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NERC: New tariff will reduce 2024 electricity subsidy by N1.14trn

NERC: New tariff will reduce 2024 electricity subsidy by N1.14trn
April 04
10:06 2024

The Nigerian Electricity Regulatory Commission (NERC) says the newly approved tariff is expected to reduce subsidy for the 2024 fiscal year by about N1.14 trillion.

On April 3, NERC approved an increase in electricity tariff for customers under the Band A classification.

The commission said customers under the classification, who receive 20 hours of electricity supply daily, will pay N225 per kilowatt (kW), starting from April 3 — up from N66.

In a statement on Wednesday, Musliu Oseni, vice-chairman, NERC, said the new tariff would go a long way to provide a reliable power supply to drive the country’s economy.


With the newly approved tariffs, subsidies for the 2024 fiscal year are expected to reduce by about NGN1.14 trillion in furtherance of the federal government’s realignment of the subsidy regime,” Oseni said.

Oseni said the federal government had indicated a transition in policy direction towards introducing a more targeted subsidy regime aimed at mitigating the impact of changes in macroeconomic parameters.

“While largely protecting vulnerable customers and fostering investments targeted at providing efficient service delivery in the Nigerian Electricity Supply Industry (NESI),” he said.


The vice-chairman added that the commission conducted a thorough review of the tariff applications submitted by the 11 electricity distribution companies (DisCos) in line with the processes established in its regulations and business rules.

He said the review process was preceded by an analysis of the performance improvement plans of the licences and included a public hearing during which interested stakeholders and intervenors examined the rate filing submitted by the public utilities.

“The overarching objective of the commission in the consideration of the tariff application is the creation of a financially sustainable electricity market providing adequate and reliable power supply to drive the Nigerian economy,” he said.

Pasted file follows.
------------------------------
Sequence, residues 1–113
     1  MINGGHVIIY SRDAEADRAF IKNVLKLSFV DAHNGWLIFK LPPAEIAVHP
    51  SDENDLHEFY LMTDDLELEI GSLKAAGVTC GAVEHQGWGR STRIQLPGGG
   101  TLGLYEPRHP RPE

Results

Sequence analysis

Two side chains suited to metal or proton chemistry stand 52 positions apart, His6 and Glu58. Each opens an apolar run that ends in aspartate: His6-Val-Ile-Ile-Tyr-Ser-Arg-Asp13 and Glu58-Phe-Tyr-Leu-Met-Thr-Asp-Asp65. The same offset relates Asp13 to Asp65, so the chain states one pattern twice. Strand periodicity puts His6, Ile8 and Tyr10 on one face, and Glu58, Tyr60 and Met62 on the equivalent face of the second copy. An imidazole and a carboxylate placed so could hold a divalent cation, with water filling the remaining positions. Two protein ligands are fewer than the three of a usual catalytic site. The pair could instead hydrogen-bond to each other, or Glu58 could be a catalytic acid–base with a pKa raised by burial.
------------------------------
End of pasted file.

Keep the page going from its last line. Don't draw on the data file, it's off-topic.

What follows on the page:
“The commission, upon due consideration of the tariff applications, has approved revised rates affecting only customers classified under Band Serv category which is about 15 percent of the customer population.”


Oseni, however, said the empirical service data had confirmed that this class of customers had truly received a committed level of service.

He said under the revised tariff order issued by the NERC, DisCos were under an obligation to provide customers classified under A and B service categories a minimum average supply of 20 hours a day measured over a period of one week.

“All other customers under B to E-service category, representing 85 percent of the customer’s population, will not be affected by the current review of end-user tariffs” Oseni said.

“All DisCos have been provided with mandatory targets for investments and migration of more customers to B.


“The commission has established a robust monitoring framework leveraging on technology to ensure that the public has visibility of the service covenant with their service providers.”

He said an enforcement and compensation mechanism had also been established in the event of service failure, adding that there would be a collaboration with policymakers to provide adequate and reliable electricity to all citizens.


Oseni said the commission would work diligently with state governments to deliver on the gains of the Electricity Act 2023.


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